Ford, Eric B., Ragozzine, Darin, Rowe, Jason F., Steffen, Jason H., Barclay, Thomas, Batalha, Natalie M., Borucki, William J., Bryson, Stephen T., Caldwell, Douglas A., Fabrycky, Daniel C., Gautier, Thomas N., Holman, Matthew J., Ibrahim, Khadeejah A., Kjeldsen, Hans, Kinemuchi, Karen, Koch, David G., Lissauer, Jack J., Still, Martin, Tenenbaum, Peter, Uddin, Kamal, and Welsh, William. 2012. "Transit Timing Observations from Kepler. V. Transit Timing Variation Candidates in the First Sixteen Months from Polynomial Models." The Astrophysical Journal 756:185. https://doi.org/10.1088/0004-637X/756/2/185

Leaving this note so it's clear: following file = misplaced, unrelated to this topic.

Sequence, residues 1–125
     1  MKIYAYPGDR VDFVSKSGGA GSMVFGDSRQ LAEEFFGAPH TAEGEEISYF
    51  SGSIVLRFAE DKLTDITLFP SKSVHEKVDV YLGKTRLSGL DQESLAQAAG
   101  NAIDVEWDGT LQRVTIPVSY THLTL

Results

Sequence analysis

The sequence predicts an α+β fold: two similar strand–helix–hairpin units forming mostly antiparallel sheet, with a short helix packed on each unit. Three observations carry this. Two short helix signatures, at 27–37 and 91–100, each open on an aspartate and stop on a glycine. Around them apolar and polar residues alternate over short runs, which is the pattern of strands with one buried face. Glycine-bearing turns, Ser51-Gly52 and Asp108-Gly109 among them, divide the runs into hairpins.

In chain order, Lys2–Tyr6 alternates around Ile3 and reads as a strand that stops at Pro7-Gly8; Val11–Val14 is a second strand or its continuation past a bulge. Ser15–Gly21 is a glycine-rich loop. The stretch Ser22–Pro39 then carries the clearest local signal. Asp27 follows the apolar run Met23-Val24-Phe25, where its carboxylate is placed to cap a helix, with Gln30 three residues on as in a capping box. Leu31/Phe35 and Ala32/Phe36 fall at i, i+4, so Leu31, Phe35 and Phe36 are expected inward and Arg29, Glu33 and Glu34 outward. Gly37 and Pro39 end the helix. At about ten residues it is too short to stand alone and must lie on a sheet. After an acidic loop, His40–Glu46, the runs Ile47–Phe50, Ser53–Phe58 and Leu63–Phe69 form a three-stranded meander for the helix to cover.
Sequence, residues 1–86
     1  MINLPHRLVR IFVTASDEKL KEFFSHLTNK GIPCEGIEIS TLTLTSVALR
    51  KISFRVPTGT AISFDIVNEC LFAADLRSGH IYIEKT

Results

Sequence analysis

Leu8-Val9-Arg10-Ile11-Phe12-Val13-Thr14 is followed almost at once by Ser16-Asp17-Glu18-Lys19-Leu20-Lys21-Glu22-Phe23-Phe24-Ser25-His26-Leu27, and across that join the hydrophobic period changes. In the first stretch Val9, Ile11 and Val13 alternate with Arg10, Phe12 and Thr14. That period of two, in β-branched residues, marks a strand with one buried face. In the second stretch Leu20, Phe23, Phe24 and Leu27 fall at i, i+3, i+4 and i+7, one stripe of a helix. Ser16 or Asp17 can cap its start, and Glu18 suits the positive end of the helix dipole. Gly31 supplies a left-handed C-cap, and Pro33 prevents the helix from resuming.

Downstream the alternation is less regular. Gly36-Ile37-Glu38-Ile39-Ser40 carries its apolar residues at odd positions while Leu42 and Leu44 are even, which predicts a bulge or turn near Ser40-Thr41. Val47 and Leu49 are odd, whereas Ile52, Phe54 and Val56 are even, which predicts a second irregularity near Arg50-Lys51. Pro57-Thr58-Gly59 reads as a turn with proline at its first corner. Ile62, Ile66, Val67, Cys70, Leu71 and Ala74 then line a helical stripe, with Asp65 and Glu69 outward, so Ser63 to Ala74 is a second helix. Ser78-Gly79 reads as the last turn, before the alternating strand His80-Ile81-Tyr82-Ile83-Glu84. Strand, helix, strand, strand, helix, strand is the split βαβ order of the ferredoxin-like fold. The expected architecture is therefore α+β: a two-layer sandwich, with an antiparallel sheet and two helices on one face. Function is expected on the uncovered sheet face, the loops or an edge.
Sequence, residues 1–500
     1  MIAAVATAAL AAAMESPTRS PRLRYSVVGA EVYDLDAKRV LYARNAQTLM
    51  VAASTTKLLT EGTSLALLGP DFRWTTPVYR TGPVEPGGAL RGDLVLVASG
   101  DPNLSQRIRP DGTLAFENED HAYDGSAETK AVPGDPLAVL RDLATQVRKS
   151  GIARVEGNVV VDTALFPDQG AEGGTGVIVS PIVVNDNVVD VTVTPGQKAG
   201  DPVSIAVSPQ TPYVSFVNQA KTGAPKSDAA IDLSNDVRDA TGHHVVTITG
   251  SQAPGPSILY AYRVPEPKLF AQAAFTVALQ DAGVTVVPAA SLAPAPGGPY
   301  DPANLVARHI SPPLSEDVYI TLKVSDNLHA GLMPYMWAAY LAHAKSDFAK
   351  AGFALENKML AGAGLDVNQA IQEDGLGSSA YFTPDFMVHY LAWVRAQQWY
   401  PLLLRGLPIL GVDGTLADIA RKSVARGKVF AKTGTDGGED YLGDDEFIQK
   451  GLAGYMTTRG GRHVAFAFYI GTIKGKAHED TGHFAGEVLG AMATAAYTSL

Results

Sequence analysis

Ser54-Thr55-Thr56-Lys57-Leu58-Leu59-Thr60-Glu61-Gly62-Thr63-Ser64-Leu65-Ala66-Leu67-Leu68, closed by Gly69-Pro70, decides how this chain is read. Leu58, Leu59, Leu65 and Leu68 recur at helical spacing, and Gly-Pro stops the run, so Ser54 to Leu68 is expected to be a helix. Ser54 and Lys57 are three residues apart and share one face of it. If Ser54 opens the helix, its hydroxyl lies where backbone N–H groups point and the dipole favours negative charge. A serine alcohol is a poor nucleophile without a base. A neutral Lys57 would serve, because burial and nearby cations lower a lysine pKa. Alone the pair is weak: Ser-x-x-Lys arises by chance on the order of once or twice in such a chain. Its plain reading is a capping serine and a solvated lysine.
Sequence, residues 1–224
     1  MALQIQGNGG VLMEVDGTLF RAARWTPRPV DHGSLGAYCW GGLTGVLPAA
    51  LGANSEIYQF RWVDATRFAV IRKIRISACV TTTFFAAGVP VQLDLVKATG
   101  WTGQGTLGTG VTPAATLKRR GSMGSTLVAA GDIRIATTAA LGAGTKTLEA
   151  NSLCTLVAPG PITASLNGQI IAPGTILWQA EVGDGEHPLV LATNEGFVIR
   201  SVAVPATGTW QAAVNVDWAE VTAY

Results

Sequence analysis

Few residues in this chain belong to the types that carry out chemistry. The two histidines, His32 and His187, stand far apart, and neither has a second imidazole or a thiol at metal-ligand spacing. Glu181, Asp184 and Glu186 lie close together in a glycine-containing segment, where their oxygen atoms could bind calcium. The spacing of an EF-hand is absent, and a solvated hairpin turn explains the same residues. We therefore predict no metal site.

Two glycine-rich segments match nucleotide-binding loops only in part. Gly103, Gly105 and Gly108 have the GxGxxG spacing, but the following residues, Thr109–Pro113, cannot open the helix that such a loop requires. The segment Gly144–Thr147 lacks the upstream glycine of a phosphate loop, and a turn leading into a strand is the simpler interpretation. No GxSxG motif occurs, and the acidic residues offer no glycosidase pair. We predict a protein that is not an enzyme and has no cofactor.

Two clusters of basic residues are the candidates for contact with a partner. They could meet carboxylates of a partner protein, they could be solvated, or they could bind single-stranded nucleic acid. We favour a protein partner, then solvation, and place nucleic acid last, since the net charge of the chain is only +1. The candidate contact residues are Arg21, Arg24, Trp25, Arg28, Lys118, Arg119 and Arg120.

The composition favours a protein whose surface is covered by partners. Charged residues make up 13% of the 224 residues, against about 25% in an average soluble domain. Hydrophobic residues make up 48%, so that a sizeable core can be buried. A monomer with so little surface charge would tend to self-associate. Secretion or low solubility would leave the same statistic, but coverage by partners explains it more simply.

Transit timing variations provide a powerful tool for confirming and characterizing transiting planets, as well as detecting non-transiting planets. We report the results of an updated transit timing variation (TTV) analysis for 1481 planet candidates based on transit times measured during the first sixteen months of Kepler observations. We present 39 strong TTV candidates based on long-term trends (2.8% of suitable data sets). We present another 136 weaker TTV candidates (9.8% of suitable data sets) based on the excess scatter of TTV measurements about a linear ephemeris. We anticipate that several of these planet candidates could be confirmed and perhaps characterized with more detailed TTV analyses using publicly available Kepler observations. For many others, Kepler has observed a long-term TTV trend, but an extended Kepler mission will be required to characterize the system via TTVs. We find that the occurrence rate of planet candidates that show TTVs is significantly increased (~68%) for planet candidates transiting stars with multiple transiting planet candidates when compared to planet candidates transiting stars with a single transiting planet candidate.